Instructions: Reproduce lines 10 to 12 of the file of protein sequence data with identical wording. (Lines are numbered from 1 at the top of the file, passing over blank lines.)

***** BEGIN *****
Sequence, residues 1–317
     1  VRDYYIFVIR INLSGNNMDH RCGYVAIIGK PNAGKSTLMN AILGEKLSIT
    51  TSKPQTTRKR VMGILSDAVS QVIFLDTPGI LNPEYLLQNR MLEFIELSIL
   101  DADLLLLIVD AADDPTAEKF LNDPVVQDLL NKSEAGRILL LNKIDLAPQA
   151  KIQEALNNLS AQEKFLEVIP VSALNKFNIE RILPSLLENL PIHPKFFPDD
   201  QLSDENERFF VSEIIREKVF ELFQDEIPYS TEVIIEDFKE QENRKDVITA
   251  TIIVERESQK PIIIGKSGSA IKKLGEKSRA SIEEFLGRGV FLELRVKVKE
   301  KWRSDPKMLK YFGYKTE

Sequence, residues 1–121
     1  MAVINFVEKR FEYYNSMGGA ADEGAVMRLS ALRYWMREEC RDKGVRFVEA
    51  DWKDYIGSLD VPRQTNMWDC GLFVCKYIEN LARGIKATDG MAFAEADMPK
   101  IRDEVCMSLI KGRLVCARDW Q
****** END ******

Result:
     1  MAVINFVEKR FEYYNSMGGA ADEGAVMRLS ALRYWMREEC RDKGVRFVEA
    51  DWKDYIGSLD VPRQTNMWDC GLFVCKYIEN LARGIKATDG MAFAEADMPK
   101  IRDEVCMSLI KGRLVCARDW Q